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The Engineer Jungle Warfare Course

By Captain Andrew V. Jasaitis

The Jungle Operations Training Center (JOTC), located at Fort Sherman, Panama, trains infantry battalions and engineer companies to conduct jungle combat operations. One of the programs offered by JOTC is the Engineer Jungle Warfare Course (EJWC).

The EJWC provides a unique opportunity for engineer companies and platoons to train in a jungle environment. The Jungle Operations Training Battalion normally supports four engineer company and ten engineer platoon rotations annually. The EJWC is open to almost any combat engineer company-airborne, air assault, wheeled, combat support equipment, combat heavy, etc. Most rotations are from corps-level engineer companies because divisional engineer platoons deploy and train with the Infantry Battalion Jungle Warfare Course rotations.

The Jungle Operations Training Center's primary objective is to keep the art of jungle warfare alive in the Army today. In concert with this mission, the Engineer Jungle Warfare Course prepares engineers to fight future battles and win in a jungle environment.

In addition to supporting U.S. Army combat engineers, the Engineer Jungle Warfare Course provides joint training to selected U.S. Marine Corps engineer platoons and some Latin American engineers.

Program of Instruction

The program of instruction for the EJWC is organized, manned, and equipped to provide training to three engineer platoons. Instructors from Alpha Company, Jungle Operations Training Battalion, conduct the training by committees. Team 6 provides instruction in engineer-specific tasks.

The four-week EJWC consists of two weeks of combat training (core jungle training and tactical operations) and two weeks of construction (Army Facilities Components System-Tropical).

Combat Training. Typical training during the first two weeks includes: jungle living, land navigation, mines and booby traps, jungle combat techniques, rappelling, advanced rigging and hauling, squad reconnaissance, squad react-to-contact (blank and live fire), waterborne and small-boat operations, basic and advanced demolitions, and platoon reconnaissance and demolition missions. Platoons also negotiate the rugged "Green Hell" obstacle course. The second week culminates in a two-day company field training exercise designed to meet the unit's mission essential task list (METL) training needs and to employ tactics, techniques, and procedures learned during core training. Company infiltration and movement is by several methods-landing craft, medium (LCM); F-470 Zodiacs, or Army aviation (air assault).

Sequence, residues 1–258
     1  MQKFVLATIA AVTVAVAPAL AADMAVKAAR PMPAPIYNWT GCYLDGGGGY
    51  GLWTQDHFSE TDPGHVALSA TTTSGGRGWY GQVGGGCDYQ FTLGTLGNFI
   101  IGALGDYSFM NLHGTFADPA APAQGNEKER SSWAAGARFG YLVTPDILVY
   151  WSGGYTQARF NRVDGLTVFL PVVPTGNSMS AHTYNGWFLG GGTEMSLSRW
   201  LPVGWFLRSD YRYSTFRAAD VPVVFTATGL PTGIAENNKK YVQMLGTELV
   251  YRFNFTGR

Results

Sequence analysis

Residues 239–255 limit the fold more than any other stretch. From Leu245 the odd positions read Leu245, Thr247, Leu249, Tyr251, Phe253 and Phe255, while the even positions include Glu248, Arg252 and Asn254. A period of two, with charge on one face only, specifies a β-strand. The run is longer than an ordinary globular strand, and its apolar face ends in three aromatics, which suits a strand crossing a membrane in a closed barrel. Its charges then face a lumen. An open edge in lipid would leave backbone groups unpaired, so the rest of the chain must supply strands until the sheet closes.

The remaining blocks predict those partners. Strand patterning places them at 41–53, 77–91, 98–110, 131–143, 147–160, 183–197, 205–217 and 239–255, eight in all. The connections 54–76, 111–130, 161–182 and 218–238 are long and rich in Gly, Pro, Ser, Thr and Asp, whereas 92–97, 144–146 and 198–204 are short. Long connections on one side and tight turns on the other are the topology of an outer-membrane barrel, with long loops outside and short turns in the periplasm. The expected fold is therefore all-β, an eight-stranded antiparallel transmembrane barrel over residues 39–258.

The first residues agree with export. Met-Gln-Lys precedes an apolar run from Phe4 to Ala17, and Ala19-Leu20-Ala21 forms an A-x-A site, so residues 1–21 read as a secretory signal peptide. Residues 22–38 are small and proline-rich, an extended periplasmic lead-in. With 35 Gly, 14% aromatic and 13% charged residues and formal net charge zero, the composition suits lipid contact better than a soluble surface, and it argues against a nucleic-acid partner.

Construction Training. The third and fourth weeks of the course are spent on construction missions, which include carpentry, concrete and masonry, plumbing, and construction management tasks. Projects include bridge repair or replacement; target, rappel tower, obstacle, boat dock, fence, cage, and roof construction; office and classroom renovation; and window installation. Units normally provide eight days of construction effort. All projects are designed to support the training center so that the Jungle Operations Training Battalion can continue to provide high quality training opportunities.

Deployment Tips

Adequate planning is important for a successful deployment to the Jungle Operations Training Center. The following tips will help units planning to attend:


The benefits of a deployment to EJWC are many. Engineers receive METL-related training in deployment and numerous collective, leader, and individual tasks. The decentralized training allows squads to train soldiers and develop or improve standing operating procedures. Units can identify strong and weak performers as well as build teamwork and cohesiveness. Soldiers are allowed to make mistakes and train to standard without the pressures of higher headquarters. The Jungle Operations Training Battalion provides almost all training support, so that leaders can concentrate on meeting training objectives. Most of all, engineer units increase proficiency and gain confidence in conducting operations in a harsh jungle environment.

Engineer units should contact Forces Command for scheduling and funding to attend the Jungle Operations Training Center. Under the current Panama Canal Treaty Implementation Plan, Fort Sherman will remain open until the end of 1999. For more information, call the Jungle Operations Training Battalion engineer at DSN (313) 289-6411; Team 6, A Company, (313) 289-6057; or the S3, Jungle Operations Training Battalion, DSN (313) 289-6287.

Captain Jasaitis served as the senior engineer instructor-observer/controller at the Jungle Operations Training Center, Fort Sherman, Panama, from February 1995 to May 1996.

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